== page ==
China Pledges Fair Treatment Of Foreign Auto Firms In NEV Program

Inside US-China Trade Newsletter, November 23, 2011

At the Joint Commission on Commerce and Trade (JCCT), China this week offered a number of confirmations and clarifications with respect to forced technology transfer and availability of subsidies that would mean fair treatment of foreign auto firms as they seek to compete for market share and set up production facilities for electric vehicles, according to a fact sheet issued at the conclusion of the Nov. 20-21 meeting in Chengdu, China.

China is projected to manufacture five million of these new energy vehicles by the year 2020. An auto industry source said the statements in the fact sheet — if they are implemented as written — “on the surface” would seem to suggest that “Christmas done come real early this year.”

In the joint fact sheet, China “confirmed that it does not and will not maintain measures that mandate the transfer of technology.” It also “clarified” that “‘mastery of core technology’ does not require technology transfer for NEVs,” according to the fact sheet.

The Chinese further confirmed that “the establishment of brands is a corporate decision and that the Chinese government does not and will not impose any requirements for foreign-invested companies to establish domestic brands in China."

In addition, China pledged that “foreign-invested enterprises are eligible on an equal basis for subsidies or other preferential policies for NEVs with Chinese enterprises, and that these subsidies and preference programs will be implemented in a manner consistent with WTO rules.”

The latter public confirmation may mark an advance over what has been explicitly stated in the past about eligibility for NEV programs, according to Bill Russo, president of the Beijing-based automotive consultancy Synergistics Limited.  “While it was never stated who would be eligible for subsidies, it was never unambiguously stated whether foreign invested joint ventures would be eligible, and this apparently clarifies that they are indeed eligible,” he said in a Nov. 21 email. Russo noted, however, that the second part of the sentence that mentioned general consistency with WTO rules, “leaves room for future adjustments.”

According to another industry source, the test case for Chinese credibility on its JCCT NEV statements will be General Motors’ Chevy Volt, which it can be expected to seek to import into China soon, possibly before the end of 201, even though GM has already agreed to produce a domestic brand NEV, the Baojun, in its joint venture with Shanghai Automotive Industry Company (SAIC).

China also affirmed at the JCCT that the “views of all stakeholders will be considered,” including those of the United States, as it develops “possible future NEV support programs.”

U.S. auto firms in the past complained that China’s National Development and Research Commission (NDRC) has informally been forcing technology transfer by not approving additional production capacity or new plants unless the foreign joint venture partner agrees to establish a domestic brand in the NEV space (Inside US-China Trade, March 16, 2011).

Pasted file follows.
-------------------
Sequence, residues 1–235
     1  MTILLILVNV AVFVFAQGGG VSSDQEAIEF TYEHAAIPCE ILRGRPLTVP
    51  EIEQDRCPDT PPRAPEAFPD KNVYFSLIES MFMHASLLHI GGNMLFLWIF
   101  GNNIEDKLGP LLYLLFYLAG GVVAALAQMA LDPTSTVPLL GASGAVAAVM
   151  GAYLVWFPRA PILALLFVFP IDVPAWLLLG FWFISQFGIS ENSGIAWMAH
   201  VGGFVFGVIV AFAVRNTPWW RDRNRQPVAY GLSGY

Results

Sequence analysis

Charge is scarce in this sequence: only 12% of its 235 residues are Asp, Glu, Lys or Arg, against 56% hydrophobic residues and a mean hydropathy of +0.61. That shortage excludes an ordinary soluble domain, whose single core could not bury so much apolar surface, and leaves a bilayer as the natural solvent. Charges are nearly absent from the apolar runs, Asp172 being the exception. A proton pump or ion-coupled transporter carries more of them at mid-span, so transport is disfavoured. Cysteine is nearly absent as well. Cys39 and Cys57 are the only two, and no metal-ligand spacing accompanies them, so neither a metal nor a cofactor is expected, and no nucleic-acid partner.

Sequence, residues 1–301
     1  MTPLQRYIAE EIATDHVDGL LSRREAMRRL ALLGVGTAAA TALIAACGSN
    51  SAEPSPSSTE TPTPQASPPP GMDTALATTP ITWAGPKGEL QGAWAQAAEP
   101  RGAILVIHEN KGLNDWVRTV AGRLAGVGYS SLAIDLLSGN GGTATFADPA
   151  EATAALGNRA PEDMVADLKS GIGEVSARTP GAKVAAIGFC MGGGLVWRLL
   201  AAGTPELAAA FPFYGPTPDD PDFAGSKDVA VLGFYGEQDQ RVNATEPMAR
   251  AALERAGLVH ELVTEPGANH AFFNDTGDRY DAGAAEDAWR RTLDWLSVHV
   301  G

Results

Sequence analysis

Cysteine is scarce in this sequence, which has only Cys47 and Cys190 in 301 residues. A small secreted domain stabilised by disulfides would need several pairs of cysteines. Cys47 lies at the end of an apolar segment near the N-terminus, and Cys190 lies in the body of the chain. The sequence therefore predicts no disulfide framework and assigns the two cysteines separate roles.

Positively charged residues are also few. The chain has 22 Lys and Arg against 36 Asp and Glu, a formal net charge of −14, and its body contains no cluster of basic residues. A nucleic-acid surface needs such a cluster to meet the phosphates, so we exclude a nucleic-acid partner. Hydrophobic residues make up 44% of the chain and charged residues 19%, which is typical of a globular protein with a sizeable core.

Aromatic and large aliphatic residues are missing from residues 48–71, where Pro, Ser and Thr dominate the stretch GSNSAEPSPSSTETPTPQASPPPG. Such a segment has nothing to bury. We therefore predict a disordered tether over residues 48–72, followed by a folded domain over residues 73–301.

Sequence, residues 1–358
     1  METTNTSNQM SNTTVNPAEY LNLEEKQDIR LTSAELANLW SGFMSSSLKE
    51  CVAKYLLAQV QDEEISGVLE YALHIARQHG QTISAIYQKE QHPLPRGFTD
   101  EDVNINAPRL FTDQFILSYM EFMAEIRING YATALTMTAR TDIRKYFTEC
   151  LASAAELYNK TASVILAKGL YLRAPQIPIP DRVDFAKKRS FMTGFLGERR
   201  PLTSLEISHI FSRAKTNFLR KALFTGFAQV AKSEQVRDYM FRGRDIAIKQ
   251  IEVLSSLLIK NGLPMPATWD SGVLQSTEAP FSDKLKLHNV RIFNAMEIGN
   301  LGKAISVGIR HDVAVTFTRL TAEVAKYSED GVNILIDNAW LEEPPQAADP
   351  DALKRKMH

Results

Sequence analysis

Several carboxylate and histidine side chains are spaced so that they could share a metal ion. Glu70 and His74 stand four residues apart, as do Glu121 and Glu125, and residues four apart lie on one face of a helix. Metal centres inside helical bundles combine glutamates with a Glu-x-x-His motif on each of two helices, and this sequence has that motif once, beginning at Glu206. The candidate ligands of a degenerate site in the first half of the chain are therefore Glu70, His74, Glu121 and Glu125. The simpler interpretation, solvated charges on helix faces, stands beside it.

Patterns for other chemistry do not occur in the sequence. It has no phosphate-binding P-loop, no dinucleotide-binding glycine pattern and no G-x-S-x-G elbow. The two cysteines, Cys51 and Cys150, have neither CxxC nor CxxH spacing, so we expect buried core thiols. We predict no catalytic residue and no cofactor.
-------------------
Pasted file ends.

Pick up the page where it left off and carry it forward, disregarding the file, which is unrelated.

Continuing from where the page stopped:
As a result, nearly all major foreign automakers except Ford have already agreed to produce a domestic NEV brand. 

U.S. automakers also had been worried that draft regulations by NDRC and the Ministry of Industry and Information Technology (MIIT) implementing the NEV policy were aiming to force technology transfer by requiring that any NEV joint venture must demonstrate “mastery” of at least one of three key technology areas: electric batteries, motors or control systems. Given the relative advanced state of foreign firms’ technology in these areas compared to that of potential domestic partners, the fear was that such technology would have to be provided by the foreign firm into the NEV JV.

Another JCCT outcome unveiled on Nov. 21 was a Chinese assurance that it will provide “a fair and level playing field for all companies, including U.S. companies, in China’s newly emerging industries.”

Those industries include high-end equipment manufacturing, energy-saving and environmentally-friendly technolo- gies, biotechnologies, new generation information technologies, alternative energy, advanced materials, and NEVs, according to the fact sheet.

According to data provided by U.S. industry, China plans to invest $1.5 trillion in those sectors over the next five years.

Other JCCT outcomes were announced with respect to medical devices, pharmaceuticals, smart grid technologies, standards and conformity assessment, telecommunications goods and services, and travel and tourism, The document also outlines a series of “cooperative activities” the two sides have agreed to pursue under the auspices of the JCCT IPR Working Group, as well as under the JCCT Commercial Law Working Group and with regard to cloud computing and motorcycles. 

China Pledges Fair Treatment Of Foreign Auto Firms In NEV Program

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